The Digilent ARTY Z7-20 enables engineers, system integrators, and designers to get started quickly on embedded vision designs. The Arty Z7-20 hardware platform combines the Xilinx Zynq 7020 programmable SoC with the Xilinx SDSoC design environment and reVISION machine learning stack to enable design teams without deep hardware expertise to integrate computer vision (CV) algorithms in highly responsive systems. With 512 MB of onboard DDR3 SDRAM and HDMI inputs and outputs, users can run various real-time, high-definition (HD) video processing designs on the ARTY Z7-20.
Infrared (IR) is very popular in a range of applications, from wildfire detection to aerospace and defense. For example, Adam Taylor of ADIUVO Engineering leveraged a FLIR Lepton IR camera and the Arty Z7-20 to create an IR vision application.
IR vision: A hardware design overview
The ADIUVO IR vision application provides a simple yet powerful example of how the programmable logic of the Xilinx Zynq SoCs allows users to accommodate just about any I/O requirement in embedded designs using a configurable IP block and little HDL code.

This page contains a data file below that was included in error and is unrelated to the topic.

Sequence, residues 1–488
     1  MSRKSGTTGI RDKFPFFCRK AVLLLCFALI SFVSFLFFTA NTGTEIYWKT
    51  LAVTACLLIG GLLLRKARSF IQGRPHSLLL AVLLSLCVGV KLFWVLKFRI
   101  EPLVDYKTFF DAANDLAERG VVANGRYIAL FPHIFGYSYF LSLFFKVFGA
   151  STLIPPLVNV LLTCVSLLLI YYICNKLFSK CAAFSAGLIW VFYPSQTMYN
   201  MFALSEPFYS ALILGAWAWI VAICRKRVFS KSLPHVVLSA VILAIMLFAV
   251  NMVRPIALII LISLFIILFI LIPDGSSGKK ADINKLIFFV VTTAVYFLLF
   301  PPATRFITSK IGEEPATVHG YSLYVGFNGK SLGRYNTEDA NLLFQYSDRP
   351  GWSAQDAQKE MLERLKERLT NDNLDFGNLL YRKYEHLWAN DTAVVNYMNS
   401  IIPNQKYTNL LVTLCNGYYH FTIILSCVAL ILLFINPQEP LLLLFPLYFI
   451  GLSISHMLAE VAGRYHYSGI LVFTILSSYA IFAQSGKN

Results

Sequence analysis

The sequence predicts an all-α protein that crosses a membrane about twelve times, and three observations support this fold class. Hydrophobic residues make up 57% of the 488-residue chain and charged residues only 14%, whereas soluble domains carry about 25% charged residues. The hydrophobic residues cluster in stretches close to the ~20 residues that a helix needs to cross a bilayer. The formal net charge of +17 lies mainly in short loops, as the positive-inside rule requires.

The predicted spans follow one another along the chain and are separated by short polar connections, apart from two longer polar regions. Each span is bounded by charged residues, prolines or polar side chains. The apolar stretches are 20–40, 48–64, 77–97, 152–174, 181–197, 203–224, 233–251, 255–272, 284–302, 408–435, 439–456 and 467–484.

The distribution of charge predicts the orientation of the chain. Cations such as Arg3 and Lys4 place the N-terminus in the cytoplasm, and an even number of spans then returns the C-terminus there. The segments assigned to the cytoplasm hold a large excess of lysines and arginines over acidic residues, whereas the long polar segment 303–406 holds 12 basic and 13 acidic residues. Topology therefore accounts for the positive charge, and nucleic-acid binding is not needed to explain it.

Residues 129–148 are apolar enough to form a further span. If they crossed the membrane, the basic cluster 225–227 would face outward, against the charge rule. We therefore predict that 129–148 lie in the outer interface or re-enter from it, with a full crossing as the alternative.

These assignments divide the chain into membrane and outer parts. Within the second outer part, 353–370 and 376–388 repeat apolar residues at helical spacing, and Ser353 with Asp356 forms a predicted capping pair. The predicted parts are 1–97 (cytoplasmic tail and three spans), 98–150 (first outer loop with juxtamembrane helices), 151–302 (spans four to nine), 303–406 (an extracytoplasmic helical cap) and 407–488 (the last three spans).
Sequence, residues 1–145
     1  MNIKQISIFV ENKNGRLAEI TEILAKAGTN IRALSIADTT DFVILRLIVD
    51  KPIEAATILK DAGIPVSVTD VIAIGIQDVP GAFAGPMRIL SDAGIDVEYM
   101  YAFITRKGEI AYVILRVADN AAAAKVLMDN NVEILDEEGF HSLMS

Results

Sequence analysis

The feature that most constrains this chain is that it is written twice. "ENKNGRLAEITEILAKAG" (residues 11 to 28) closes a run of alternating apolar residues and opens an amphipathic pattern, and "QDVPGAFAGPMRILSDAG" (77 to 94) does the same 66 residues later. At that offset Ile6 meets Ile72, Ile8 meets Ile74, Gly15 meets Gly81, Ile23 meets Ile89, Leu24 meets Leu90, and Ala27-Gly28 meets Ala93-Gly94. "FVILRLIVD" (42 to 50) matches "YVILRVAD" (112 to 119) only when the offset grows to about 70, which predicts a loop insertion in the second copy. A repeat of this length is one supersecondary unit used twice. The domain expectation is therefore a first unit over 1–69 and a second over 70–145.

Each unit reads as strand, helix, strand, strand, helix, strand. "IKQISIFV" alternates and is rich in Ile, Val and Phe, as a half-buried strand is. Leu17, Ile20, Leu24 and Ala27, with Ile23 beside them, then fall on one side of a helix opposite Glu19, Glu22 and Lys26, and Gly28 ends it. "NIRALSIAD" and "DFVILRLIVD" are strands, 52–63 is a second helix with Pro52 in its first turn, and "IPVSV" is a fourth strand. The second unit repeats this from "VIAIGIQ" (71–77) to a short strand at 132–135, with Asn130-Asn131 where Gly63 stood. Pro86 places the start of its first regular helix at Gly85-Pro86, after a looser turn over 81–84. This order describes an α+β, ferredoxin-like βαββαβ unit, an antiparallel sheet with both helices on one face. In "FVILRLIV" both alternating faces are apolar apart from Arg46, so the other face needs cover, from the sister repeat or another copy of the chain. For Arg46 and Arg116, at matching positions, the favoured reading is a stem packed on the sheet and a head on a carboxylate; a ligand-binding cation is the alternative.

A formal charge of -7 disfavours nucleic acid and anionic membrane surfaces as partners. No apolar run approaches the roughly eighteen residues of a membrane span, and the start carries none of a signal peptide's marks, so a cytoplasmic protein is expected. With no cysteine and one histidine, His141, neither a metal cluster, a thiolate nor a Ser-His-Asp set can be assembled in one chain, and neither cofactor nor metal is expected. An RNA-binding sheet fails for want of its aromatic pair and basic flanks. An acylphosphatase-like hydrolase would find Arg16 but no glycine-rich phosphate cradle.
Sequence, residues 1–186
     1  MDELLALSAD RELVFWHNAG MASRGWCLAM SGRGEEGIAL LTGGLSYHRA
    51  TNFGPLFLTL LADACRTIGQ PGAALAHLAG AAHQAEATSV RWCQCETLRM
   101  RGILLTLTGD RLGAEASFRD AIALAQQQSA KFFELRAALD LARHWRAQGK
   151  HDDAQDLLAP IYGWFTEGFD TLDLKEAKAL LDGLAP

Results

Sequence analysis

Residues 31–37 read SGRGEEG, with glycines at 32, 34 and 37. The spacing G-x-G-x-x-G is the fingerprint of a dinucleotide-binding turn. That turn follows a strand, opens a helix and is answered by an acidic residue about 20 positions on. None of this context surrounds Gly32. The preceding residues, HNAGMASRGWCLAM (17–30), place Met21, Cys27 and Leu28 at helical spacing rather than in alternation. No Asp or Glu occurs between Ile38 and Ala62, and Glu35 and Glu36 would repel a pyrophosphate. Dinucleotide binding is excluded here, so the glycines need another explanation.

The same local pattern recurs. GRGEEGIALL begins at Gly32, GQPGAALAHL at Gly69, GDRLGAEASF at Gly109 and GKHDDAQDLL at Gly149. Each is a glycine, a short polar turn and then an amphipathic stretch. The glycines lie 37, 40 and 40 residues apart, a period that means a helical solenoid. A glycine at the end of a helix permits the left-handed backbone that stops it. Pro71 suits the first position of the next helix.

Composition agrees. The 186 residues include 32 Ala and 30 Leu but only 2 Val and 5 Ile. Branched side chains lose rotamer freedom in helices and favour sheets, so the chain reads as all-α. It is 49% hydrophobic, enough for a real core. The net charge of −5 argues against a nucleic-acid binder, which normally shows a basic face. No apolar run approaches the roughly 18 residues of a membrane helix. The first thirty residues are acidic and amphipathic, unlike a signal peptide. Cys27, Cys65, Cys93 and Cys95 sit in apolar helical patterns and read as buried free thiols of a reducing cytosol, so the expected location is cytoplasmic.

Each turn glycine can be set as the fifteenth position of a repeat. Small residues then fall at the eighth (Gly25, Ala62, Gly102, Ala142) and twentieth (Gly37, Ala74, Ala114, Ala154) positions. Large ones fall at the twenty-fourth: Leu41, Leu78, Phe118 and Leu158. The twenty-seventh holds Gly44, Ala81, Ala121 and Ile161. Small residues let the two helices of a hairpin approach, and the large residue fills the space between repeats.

In the IR vision application, the FLIR Lepton IR camera assembly is mounted on a break-out board and plugged into the Arty Z7-20’s Arduino shield connector. The I2C controller of the Arty Z7-20's onboard Zynq SoC is used to issue commands to the camera. An AXI QSPI IP block instantiated in programmable logic of the Zynq SoC is configured to work with standard SPI, and interfaces with a 14-bit Video over SPI (VoSPI) output on the FLIR camera.
IR vision: A software design overview
Adam referenced an HDMI-out example, also on the Digilent GitHub, when writing the FLIR camera's control software. The software executes the following functions in sequence:
- Configure I2C and SPI peripherals using the Xilinx XIICPS API
- Read the status register. If the camera is correctly configured and ready, it will respond with 0x06
- Read out an image and store it in memory
- Move the stored image to a memory location being accessed by VDMA to display the image
When the program executes, Adam is able to see an IR image of himself taking a picture of the monitor screen. The image has been scaled up by a factor of 8.
Further details on this open-source IR application project and can be found in the Xcell Daily.